- Rod Weir, Founder and Managing Director, PRD Software
- Nicklas Fredriksson, CEO and ITSM Magician, Penguin Consultants Brasil
- Kamal Roz, IT Operations Manager, USO
- Gautam Bangalore, Business Analyst, Optus
- Michelle Hoyt, Enterprise Application Supervisor, Matanuska-Susitina Borough School District
- Anusha Das, IT Governance Analyst-ITIL, Oregon Lottery
- Ravi Prakash Singh, MS IS Student, Stevens Institute of Technology
- Brett Andrews, Managing Director, BAPTISM Consultancy
- Marty Miller-Crispe, Manager – Service Management Office, Griffith University
- Vlad de Ramos, General Manager, AIM Corporate Solutions, Inc.
- Pete Langlois, Systems Administrator, Century Bank
- Scott Walling, Co-founder, Monitor 24-7
- Pedro Soto, Managing Director, TOPdesk
- Roeland van Rijswijk, Service Management Consultant, TOPdesk
- Yev Khovrenkov, IT Consultant,
- Lucas Gutierrez, End-User Services Manager, City of Santa Fe
- Dave Smith, IT Trainer, Quanta Training Ltd.
- An IT service management (ITSM) tool implementation can be a complicated task, requiring customized templates and workflows and correct integration with other tools that can be challenging to get right the first time to ensure the tool delivers value.
- If an RFP is required to select a service provider to implement the tool, it is critical to clearly structure the project tasks and service desk processes and services to develop the RFP.
- Managers without a project plan are often pressed into making decisions during the implementation without fully understanding their impact.
- Buying a new tool is not a silver bullet for service desk woes. Your project needs to incorporate both a review of service desk processes and a product implementation to ensure the tool will support your current processes and any future processes you plan to implement.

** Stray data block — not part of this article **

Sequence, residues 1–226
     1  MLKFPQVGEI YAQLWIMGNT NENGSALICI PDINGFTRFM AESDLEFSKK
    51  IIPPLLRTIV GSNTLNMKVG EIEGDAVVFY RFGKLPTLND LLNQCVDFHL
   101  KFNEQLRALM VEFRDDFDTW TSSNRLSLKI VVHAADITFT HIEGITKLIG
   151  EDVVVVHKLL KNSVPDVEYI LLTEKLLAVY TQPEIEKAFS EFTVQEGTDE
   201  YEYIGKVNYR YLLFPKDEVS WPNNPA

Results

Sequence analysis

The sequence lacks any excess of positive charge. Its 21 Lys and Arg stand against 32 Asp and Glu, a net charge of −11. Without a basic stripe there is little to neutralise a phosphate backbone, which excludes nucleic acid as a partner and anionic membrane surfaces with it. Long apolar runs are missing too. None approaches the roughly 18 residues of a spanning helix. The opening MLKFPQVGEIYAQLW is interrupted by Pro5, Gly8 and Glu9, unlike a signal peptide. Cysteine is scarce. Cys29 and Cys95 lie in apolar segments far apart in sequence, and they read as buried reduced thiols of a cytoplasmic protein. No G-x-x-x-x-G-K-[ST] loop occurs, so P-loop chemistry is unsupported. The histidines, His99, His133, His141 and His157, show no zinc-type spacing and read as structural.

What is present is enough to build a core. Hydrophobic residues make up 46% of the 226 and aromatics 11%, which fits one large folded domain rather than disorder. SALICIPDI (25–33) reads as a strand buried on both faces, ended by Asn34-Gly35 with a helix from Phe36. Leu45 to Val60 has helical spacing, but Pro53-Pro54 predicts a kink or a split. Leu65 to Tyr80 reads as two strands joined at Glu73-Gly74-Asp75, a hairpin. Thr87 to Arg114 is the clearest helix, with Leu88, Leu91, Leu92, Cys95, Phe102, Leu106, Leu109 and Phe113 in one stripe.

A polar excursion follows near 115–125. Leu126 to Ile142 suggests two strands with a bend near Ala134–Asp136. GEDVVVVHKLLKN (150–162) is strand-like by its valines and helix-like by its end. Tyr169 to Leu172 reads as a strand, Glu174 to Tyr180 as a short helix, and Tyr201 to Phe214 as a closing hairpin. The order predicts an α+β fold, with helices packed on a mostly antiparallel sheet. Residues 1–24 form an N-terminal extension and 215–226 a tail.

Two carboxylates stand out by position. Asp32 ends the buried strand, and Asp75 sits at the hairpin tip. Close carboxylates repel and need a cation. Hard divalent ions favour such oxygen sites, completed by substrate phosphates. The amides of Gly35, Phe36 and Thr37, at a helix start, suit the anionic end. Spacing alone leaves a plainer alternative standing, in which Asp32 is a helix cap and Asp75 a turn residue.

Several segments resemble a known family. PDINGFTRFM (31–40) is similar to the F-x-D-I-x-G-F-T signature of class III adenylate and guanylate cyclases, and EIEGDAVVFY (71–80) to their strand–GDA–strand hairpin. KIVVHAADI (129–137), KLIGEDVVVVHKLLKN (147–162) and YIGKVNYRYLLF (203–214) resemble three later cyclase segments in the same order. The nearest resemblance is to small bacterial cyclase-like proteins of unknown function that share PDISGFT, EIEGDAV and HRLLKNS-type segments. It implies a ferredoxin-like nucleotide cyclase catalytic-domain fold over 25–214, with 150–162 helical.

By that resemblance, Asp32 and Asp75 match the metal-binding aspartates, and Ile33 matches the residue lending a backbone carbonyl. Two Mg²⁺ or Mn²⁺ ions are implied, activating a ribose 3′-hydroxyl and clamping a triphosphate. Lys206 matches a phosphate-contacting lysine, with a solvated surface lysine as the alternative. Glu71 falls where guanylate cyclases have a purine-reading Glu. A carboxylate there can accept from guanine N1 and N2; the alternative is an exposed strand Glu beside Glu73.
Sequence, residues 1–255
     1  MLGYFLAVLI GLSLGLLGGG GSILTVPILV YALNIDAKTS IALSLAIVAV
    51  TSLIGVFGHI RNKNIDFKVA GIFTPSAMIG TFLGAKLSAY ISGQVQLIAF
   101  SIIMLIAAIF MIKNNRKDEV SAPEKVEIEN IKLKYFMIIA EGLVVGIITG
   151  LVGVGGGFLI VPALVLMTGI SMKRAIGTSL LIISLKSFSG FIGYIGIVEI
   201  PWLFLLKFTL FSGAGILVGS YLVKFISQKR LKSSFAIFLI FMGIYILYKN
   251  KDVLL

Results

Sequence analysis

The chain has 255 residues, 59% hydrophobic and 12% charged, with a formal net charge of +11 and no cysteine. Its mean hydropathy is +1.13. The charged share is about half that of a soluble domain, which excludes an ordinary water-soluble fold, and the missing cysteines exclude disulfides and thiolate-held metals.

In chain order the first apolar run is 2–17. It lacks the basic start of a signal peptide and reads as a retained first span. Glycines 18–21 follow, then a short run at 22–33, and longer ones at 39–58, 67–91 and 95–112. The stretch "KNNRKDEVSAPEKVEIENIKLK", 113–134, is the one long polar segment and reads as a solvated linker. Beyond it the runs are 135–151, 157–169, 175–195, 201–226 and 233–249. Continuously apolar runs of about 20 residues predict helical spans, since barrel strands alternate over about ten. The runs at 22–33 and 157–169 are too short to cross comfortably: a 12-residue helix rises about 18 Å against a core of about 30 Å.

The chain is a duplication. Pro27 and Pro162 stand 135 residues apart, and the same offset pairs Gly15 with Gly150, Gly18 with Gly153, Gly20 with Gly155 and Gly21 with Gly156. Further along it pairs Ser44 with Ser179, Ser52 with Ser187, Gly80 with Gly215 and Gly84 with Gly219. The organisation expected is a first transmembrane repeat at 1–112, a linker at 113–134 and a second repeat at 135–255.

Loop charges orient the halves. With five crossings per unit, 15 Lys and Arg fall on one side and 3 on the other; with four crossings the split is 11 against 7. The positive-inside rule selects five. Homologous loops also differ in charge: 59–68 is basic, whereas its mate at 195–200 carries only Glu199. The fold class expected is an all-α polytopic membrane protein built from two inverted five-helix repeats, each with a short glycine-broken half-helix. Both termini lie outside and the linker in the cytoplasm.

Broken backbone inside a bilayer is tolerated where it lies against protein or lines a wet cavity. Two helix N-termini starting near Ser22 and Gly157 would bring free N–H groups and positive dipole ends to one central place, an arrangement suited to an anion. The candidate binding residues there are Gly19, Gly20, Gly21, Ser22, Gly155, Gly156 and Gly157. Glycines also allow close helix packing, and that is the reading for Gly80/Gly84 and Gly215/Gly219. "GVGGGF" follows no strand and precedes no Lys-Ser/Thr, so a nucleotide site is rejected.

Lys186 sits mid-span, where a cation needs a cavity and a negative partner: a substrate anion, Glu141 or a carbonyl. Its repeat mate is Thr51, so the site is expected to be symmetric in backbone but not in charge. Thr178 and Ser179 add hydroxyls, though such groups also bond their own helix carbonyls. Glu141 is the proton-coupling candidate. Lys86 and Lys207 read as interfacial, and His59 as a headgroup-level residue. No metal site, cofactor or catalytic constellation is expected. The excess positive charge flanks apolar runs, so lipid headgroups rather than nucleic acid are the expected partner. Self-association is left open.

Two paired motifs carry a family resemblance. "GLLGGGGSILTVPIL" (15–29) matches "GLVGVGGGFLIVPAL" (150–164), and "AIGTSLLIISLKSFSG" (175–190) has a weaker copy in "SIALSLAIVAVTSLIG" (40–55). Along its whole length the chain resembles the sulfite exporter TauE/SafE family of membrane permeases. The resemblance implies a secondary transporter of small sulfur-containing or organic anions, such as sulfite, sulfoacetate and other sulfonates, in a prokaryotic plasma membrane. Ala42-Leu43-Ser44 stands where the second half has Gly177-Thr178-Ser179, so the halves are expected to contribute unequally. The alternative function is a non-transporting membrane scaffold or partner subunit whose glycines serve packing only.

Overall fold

- Whether or not you rely on professional services, there is a lot of work to do to ensure the project will be successful. It’s important to develop and manage a detailed plan to avoid hasty decisions that could undermine the tool’s value in the long run.
- Customization of the solution can hinder its performance down the road, but configurations can ensure the tool will deliver the value you need. However, there’s nothing wrong with an out-of-the-box solution if that’s what works for your organization.
Impact and Result
- Build an implementation plan to ensure the tool continues to meet business requirements in the long run. Make key decisions about configuration, integrations, and data migration before the implementation begins and you’ll have time to forecast the impact of your decisions.
- Include a service desk process review into the implementation plan to ensure you are not carrying over poor data and bad habits. The new tool doesn’t need to recreate your old service desk environment; it needs to create one that meets business requirements.
- A detailed implementation plan can help you decide whether your team can do the tool implementation in-house and identify requirements for the RFP if you choose to draw on professional services.
Start here – read the Executive Brief